Born in London to a family that loved music - his mother, a violinist and pianist and his father, a tenor in the church choir - Howard Blake grew up in Brighton. Blake sang in operettas, gave piano recitals, and soon began composing original pieces. He won a scholarship to the Royal Academy of Music where he studied piano, but he lost interest in composing because he had no interest in the avant garde music that was so prevalent at the time. After graduation Blake performed in pubs and nightclubs, then got work work as an arranger as arranger and pianist for EMI records. His interest in film began when he got a job as an assistant projectionist at the National Film Theatre in London and became fascinated with movie music. Blake’s first film score was for the Peter Brook short Ride of the Valkyrie (1967) and the next year he wrote music for the popular television series The Avengers. His first feature film assignment was the comedy Some Will, Some Won’t in 1970, but wide recognition did not come until seven years later when he scored Ridley Scott’s first film The Duellists. When Raymond Briggs’ children’s book The Snowman was made into an animated short in 1982, Blake was hired to write the score. Both the film and Blake’s music became internationally famous, the song ‘Walking in the Air’ (lyric also by Blake) becoming a chart record as well. He also scored other film shorts and TV movies in England as well as such American and British feature films as ‘ Flash Gordon’, ‘The Lords of Discipline’, A Month in the Country, A Midsummer Night’s Dream, My Life So Far. Movies have been only a relatively small part of Blake’s prolific music career. In the 1980’s he was very productive writing ballets, concertos, chamber pieces, oratorios, song cycles, operas and various kinds of orchestral works. Blake has had a very eclectic career; winning honours from the British government and famed institutions; scoring movies; writing commissioned works for festivals and special occasions; and even turning out TV commercial jingles. In 1983 he founded Highbridge Music Ltd to publish and handle the performance rights to his over 600 musical works. For some years he was an executive director of the Performing Rights Society and he was co-founder of the Association of Professional Composers in 1979.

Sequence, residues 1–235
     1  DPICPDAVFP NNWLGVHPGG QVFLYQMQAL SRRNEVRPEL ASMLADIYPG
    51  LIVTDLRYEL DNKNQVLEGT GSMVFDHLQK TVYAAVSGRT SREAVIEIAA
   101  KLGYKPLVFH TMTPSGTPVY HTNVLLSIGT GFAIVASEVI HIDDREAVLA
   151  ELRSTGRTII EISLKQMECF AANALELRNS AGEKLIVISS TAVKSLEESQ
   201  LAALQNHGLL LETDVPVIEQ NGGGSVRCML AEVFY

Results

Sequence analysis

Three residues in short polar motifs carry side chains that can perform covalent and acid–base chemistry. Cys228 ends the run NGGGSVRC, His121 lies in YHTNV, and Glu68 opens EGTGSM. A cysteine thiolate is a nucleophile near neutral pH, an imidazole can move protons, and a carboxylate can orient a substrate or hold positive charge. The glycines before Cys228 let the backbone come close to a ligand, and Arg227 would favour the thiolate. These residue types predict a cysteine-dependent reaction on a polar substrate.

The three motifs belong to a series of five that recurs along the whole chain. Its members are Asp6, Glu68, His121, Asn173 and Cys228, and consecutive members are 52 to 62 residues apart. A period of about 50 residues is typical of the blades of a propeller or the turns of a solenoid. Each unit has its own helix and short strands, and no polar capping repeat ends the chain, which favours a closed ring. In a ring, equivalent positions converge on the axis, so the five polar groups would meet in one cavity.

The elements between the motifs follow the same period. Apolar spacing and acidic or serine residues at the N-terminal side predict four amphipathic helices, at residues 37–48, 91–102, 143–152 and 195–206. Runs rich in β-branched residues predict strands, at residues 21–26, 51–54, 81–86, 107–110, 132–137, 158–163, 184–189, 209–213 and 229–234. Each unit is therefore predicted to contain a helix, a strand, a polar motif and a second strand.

Blake’s music for the screen is as eclectic as his career. The period drama 'The Duellists' is set during the Napoleonic Wars and is beautifully filmed: Blake created a sparkling, classical-sounding score that supports the stunning visuals. A string orchestra plays the main theme, a restless and passionate piece in which rising crescendos add to the drama. As the title suggests, the movie includes a series of rapier duels and most of these are presented without music, quite against the Hollywood tradition. Only in the final and climactic duel on horseback does Blake introduce rumbling percussion and worried strings that climb up the scale as in the main theme. Male rivalry takes a different form in The Lords of Discipline set in a Southern US military school in the 1960s. The haunting main theme poses flutes against a distorted bass line as forbidding percussion creates tension. There is also a touch of jazz in the music which keeps it modern. Blake wrote an extensive score for the campy sci-fi adventure Flash Gordon but only a portion of it was used. Instead there are rock songs by Queen and others that are used extensively and Blake’s playful music is secondary. Recordings of the unused score have been released and there is some marvellous music in them, including a witty theme for Emperor Ming (Max von Sydow) that is regal and silly at the same time. The music for the unintentionally funny Amityville 3D is in the expected horror film mode with wordless voices and a pounding tempo. Yet Blake adds some nice touches, such as hesitant strings, piano and oboe that ignore the percussion and merge in a lilting passage. The pre-World War 1 spy thriller The Riddle of the Sands has a stately score that conveys suspense in quiet and subtle ways. The main theme is graceful and rhythmic, conveying the sweeping motion of water. (Much of the movie is set on a yacht at sea). One musical passage rises and falls with the waves in an enticing manner.